Members of the Oxford India Society and LGBTQ Society attended a rally in Soho Square last Sunday protesting the recent ruling by the Indian Supreme Court that effectively re-criminalizes homosexual sex. The protest, which organizers say drew around 200 people, was part of a “Global Day of Rage.”
“Because we can’t all be in India at this crucial time, we’ve got to lend our voices from everywhere we are in the world, as Indians and as supporters of LGBT rights,” said Shreya Atrey, a DPhil student in Law who attended the event. “We were together in London for support. But also perhaps to get support. The Koushal ruling and reasoning are both devastating,” she added.
The action in London was one of many events that took place in over 35 cities in India and around the world on Sunday. Protesters held signs with slogans that read “no going back” and “make love legal.” International Development student Sneha Krishnan, also at the event, said, “it was important to go to London to show collective dissent and anger at what is a deeply violative act on the part of the Supreme Court of India.”
A 2009 ruling from the Delhi High Court had previously read down parts of Section 377 of the Indian Penal Code, the colonial-era law that made “unnatural sex” or “carnal intercourse against the order of nature” punishable offences. But the Indian Supreme Court upheld the constitutional validity of Section 377 last week, claiming that it was wrong for the judiciary to have previously weighed into the matter. Instead, they argued that this was an issue for Parliament to decide.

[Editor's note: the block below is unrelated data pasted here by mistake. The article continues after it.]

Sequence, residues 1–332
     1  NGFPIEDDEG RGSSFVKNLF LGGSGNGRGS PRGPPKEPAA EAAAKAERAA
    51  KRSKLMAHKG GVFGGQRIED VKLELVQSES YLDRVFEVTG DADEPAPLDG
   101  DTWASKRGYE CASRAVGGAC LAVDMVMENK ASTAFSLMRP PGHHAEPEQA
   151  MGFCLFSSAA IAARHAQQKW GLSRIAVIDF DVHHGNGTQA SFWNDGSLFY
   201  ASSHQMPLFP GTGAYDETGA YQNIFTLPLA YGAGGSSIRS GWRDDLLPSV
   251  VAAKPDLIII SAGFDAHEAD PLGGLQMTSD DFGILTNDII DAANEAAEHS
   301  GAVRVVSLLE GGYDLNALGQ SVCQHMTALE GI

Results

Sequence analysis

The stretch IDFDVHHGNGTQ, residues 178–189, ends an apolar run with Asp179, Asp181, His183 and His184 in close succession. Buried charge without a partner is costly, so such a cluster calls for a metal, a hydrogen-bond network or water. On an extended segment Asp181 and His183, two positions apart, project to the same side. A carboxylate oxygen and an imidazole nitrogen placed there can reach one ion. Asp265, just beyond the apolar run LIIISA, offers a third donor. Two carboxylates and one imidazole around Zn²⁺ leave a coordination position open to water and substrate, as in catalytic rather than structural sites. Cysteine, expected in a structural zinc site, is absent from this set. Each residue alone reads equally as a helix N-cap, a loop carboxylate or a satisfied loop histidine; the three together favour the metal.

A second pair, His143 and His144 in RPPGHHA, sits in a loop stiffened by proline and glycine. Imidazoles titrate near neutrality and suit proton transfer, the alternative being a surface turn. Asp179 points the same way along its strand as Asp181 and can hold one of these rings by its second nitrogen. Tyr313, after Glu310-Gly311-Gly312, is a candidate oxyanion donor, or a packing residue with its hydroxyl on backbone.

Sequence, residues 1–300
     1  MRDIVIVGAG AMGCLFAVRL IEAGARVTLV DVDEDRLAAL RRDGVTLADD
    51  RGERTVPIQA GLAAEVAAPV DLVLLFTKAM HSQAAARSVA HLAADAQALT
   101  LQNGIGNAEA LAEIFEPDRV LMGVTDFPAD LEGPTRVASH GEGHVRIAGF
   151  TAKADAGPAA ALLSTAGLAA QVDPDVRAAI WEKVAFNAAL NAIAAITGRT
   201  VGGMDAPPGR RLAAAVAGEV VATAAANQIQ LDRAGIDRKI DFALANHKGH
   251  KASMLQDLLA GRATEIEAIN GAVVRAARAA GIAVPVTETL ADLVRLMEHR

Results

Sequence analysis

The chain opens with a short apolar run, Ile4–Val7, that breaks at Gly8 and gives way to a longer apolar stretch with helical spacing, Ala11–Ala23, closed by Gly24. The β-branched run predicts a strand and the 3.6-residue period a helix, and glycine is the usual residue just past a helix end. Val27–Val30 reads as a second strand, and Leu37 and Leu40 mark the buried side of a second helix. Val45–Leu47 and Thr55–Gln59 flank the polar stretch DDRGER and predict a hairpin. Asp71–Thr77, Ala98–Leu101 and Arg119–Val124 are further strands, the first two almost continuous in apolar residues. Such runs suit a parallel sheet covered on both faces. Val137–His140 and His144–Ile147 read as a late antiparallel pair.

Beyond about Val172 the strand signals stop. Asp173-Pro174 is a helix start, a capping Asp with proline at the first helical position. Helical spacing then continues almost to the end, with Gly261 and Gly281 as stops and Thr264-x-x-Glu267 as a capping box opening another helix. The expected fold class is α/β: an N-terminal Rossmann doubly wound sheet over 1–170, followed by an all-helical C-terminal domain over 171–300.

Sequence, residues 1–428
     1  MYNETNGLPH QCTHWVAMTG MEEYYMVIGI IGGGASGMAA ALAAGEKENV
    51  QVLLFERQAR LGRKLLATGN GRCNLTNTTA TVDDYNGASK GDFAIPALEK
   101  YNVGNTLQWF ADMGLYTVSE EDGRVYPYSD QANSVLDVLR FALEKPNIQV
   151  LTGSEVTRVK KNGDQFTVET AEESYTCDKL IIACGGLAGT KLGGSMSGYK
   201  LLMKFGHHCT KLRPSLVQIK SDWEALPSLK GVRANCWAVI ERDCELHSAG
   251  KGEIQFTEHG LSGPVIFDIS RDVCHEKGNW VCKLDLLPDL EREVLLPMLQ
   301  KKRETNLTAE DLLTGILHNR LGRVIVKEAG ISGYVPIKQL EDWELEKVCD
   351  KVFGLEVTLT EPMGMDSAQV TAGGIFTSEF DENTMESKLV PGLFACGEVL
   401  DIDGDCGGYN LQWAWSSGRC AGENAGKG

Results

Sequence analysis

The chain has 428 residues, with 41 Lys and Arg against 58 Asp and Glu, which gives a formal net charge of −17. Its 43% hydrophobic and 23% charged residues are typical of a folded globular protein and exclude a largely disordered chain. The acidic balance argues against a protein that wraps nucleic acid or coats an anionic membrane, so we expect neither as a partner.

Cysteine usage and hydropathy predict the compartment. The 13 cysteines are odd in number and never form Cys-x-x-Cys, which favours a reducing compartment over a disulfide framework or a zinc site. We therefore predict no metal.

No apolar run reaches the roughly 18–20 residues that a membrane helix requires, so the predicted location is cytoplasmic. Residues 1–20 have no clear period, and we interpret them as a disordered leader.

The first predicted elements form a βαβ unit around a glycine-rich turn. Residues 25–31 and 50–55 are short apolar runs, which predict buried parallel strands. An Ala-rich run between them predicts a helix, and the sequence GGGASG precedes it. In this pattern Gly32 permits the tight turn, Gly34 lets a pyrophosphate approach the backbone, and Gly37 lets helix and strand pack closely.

Atrey, who described the ruling as “a major setback for the world’s largest democracy,” says she wasn’t expecting the decision. She sees a bright side to last week’s outcome though: “now that it has happened, the widespread condemnation of the Koushal ruling has created a robust movement for challenging our social, cultural and moral values, outside the legal realm.” Nikita Kaushal, Oxford India Society member and Earth Sciences student, concurred, “the liberal backlash that resulted from the ruling has perhaps strengthened the LGBT movement in India in a way that a positive ruling might not have.”
There are still some very real concerns, however. With the reinstatement of Section 377 those who have anal intercourse could face imprisonment for up to 10 years or for life and a fine. Kaushal worries that “some Indians will choose or be forced to stay abroad just because the society back home will not understand the choices they make.”
There are not currently more protests planned in Oxford or London but the organizers are keen to keep the momentum going. And, as Kaushal points out, “having a natural relationship in the bedroom is now an act of protest, a civil disobedience.”